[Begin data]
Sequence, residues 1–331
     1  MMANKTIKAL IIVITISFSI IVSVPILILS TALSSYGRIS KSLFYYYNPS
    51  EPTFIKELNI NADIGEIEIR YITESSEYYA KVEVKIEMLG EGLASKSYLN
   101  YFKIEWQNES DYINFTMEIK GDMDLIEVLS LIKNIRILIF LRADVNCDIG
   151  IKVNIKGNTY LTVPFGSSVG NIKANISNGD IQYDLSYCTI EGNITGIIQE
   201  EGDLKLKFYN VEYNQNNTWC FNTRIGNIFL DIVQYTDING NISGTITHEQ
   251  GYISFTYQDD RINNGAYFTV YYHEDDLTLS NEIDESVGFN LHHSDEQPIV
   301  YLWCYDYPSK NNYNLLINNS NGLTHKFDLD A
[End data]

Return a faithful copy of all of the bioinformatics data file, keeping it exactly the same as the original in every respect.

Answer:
Sequence, residues 1–331
     1  MMANKTIKAL IIVITISFSI IVSVPILILS TALSSYGRIS KSLFYYYNPS
    51  EPTFIKELNI NADIGEIEIR YITESSEYYA KVEVKIEMLG EGLASKSYLN
   101  YFKIEWQNES DYINFTMEIK GDMDLIEVLS LIKNIRILIF LRADVNCDIG
   151  IKVNIKGNTY LTVPFGSSVG NIKANISNGD IQYDLSYCTI EGNITGIIQE
   201  EGDLKLKFYN VEYNQNNTWC FNTRIGNIFL DIVQYTDING NISGTITHEQ
   251  GYISFTYQDD RINNGAYFTV YYHEDDLTLS NEIDESVGFN LHHSDEQPIV
   301  YLWCYDYPSK NNYNLLINNS NGLTHKFDLD A